I'm Chevy Chase and You're Not: A Local Bank Is Bought
So, bye-bye Chevy Chase Bank, FSB. I try not to get too emotionally attached to large financial institutions (after all, I don't think they really care that much about me) but it's always sad when a local business vanishes from the landscape, especially when that business namechecks a specific neighborhood.
Of course, maybe Capital One--which is buying Chevy Chase Bank--is named after the Nation's Capital, ie, Washington. And I suppose it's a local company too, headquartered in McLean. But the name probably means "capital" as in "wealth, whether in money or property, owned or employed in business." If that's the case, maybe their name should be Capital Zero or Capital Minus One, given the sorry state of the financial markets.
I know only two things about Capitol One: They have funny TV commercials that I don't really understand. Why are Vikings trashing peoples' homes? What's that got to do with credit cards, exactly? Oh, other credit card companies act like savages? Everyone knows, though, that all credit card companies turn on you eventually, the attractive interest rate soon ballooning, the odd fees showing up on your statement.
My other scrap of opinion about Capital One is annoyance at how brightly lit their headquarters building is at night. It's right near the Beltway and you can see it glowing like a chemical fire. Hope you're using energy-saving lightbulbs, guys!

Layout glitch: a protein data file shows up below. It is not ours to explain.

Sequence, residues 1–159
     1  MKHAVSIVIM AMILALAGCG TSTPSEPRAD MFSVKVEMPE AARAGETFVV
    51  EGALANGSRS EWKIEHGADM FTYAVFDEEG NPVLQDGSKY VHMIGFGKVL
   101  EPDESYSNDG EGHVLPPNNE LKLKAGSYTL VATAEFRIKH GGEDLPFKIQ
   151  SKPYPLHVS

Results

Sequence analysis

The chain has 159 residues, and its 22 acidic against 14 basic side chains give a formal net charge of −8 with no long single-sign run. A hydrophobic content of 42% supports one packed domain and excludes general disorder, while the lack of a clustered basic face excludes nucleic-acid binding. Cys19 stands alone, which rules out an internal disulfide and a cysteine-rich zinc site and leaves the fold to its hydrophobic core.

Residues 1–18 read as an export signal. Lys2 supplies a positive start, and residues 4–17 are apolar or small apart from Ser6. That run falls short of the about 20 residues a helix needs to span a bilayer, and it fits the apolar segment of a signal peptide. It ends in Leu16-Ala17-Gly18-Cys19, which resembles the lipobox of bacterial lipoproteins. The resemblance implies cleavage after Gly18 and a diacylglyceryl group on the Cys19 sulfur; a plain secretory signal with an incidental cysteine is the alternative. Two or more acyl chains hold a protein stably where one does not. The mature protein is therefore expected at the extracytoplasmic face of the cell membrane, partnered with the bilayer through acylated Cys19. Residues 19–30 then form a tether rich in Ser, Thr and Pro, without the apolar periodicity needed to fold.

So, no more Chevy Chase Bank. Apparently they'll change the names of all the branches and send us new ATM cards. Somewhere at the back of some shoebox in the Kelly archives is an ATM card from my first bank, the one I opened an account with when I started college and was working part-time at a photo lab. Once a week I'd stop at the Suburban Trust on Route 29 in White Oak and deposit my paltry paycheck. I left Suburban before it left me, so perhaps the demise of Chevy Chase is payback. Suburban is now part of Bank of America.
That's what happens in consolidating times: Big fish eat little fish and then are eaten by still bigger fish. A neighborhood bank becomes a regional bank. A regional bank becomes a national bank. Bank of America is folded into Bank of the Western Hemisphere, which is bought by Bank of Planet Earth, which is bought by Milky Way Bank.
And I bet the Milky Way Bank still charges me $1.50 when I use an ATM belonging to the Bank of the Andromeda Galaxy.
December 4, 2008; 9:00 AM ET
| Tags: Chevy Chase Bank, local businesses
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